Tom Swartz: Two-part question: Define or describe your repeat customers, and tell us how much of your business is from your repeat customers?
Ed Cholfin: Today, repeat business is about 25 percent. Previously, it might have been 40 to 50 percent.
Our typical customer is a professional. It could be a one- or two-income family. They live in an area they enjoy and they’re willing to put the money in even if it means they’re overbuilding for the neighborhood, because their intentions are to stay for an extended period of time.
The typical customer will have us do a kitchen one year, a master bath another year, maybe do their basements, decks, etc. We become personal friends with most of our customers. We try to maintain that relationship through a number of methods: newsletters, email, social media.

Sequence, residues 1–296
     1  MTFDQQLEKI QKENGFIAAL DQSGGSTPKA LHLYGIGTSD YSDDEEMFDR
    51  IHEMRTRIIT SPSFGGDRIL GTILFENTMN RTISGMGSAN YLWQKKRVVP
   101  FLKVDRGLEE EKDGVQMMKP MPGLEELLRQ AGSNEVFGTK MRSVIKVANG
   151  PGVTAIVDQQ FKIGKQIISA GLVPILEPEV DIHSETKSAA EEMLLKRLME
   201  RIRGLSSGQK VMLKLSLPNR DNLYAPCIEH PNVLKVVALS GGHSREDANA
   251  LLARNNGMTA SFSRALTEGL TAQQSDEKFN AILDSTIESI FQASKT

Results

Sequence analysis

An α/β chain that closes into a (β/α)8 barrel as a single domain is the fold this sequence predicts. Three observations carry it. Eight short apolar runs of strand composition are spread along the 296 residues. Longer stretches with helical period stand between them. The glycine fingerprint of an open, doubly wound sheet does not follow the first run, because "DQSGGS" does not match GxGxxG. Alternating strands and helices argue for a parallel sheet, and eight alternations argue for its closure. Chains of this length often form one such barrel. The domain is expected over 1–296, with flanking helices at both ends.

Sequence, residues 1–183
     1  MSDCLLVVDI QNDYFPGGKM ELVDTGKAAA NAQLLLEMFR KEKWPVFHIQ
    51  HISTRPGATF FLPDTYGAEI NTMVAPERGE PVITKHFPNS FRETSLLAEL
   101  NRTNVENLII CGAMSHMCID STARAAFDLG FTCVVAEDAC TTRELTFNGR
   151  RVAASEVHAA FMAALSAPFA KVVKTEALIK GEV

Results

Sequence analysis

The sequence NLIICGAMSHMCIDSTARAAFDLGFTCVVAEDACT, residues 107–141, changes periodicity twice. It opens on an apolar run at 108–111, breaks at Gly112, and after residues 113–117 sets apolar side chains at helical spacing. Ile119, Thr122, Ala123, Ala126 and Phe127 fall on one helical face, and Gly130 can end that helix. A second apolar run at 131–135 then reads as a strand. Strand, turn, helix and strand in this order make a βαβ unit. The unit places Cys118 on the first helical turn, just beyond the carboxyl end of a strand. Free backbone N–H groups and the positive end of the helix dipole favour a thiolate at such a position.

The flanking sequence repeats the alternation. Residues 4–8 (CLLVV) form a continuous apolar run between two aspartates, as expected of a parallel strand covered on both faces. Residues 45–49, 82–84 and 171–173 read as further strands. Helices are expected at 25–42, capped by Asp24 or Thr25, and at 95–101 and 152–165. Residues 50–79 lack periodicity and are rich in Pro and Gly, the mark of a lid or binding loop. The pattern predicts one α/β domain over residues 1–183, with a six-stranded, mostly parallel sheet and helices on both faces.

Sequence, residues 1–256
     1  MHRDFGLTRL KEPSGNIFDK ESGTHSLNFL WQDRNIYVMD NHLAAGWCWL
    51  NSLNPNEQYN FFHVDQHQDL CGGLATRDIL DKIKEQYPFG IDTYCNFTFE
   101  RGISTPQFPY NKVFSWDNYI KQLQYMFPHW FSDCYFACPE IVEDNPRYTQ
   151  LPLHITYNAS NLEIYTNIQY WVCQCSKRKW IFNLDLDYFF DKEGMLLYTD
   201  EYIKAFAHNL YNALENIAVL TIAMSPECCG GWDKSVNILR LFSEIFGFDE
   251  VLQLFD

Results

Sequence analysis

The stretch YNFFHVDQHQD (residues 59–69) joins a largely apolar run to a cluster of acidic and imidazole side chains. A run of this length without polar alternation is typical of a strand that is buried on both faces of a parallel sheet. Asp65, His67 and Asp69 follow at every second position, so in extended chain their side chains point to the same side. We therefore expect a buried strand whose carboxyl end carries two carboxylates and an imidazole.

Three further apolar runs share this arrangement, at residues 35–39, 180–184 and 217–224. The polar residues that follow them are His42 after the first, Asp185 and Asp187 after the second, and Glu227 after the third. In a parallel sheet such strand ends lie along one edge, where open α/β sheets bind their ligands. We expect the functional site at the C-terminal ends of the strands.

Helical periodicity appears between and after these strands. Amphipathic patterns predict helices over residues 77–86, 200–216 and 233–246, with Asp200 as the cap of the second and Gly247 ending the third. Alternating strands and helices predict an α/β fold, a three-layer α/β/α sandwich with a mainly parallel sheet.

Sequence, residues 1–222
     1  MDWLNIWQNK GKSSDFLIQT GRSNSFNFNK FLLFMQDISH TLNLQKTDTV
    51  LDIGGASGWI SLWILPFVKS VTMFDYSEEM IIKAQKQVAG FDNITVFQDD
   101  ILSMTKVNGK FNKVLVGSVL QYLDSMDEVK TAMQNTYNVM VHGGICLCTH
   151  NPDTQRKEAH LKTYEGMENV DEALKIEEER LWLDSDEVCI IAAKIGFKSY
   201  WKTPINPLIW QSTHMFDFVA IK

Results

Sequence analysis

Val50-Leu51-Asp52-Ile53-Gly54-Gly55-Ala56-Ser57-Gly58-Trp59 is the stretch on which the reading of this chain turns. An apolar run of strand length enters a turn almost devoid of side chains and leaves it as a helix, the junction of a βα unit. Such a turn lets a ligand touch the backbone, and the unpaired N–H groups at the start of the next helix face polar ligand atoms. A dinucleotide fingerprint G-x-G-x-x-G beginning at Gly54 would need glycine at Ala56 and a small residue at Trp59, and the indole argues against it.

They are very comfortable recommending us. They have a comfort level with us, with our subs. I still have keys for homes I did six years ago. They just tell me to hold them.
Tom Mitchell: Repeat is probably around 40 percent. That client is someone who fits us really well. They have similar values. They were a good client, obviously.
They’re somebody who typically wants us and nobody else in their home.
Swartz: So, it’s typically a customer that will not go out and shop price?
Mitchell: Most likely, they’re not going to go out and shop price, or if they do they’re going to discuss it with us. I think we’ve created relationships where people feel like they’re making too big a compromise letting someone else in the house. They have a trusting relationship with us.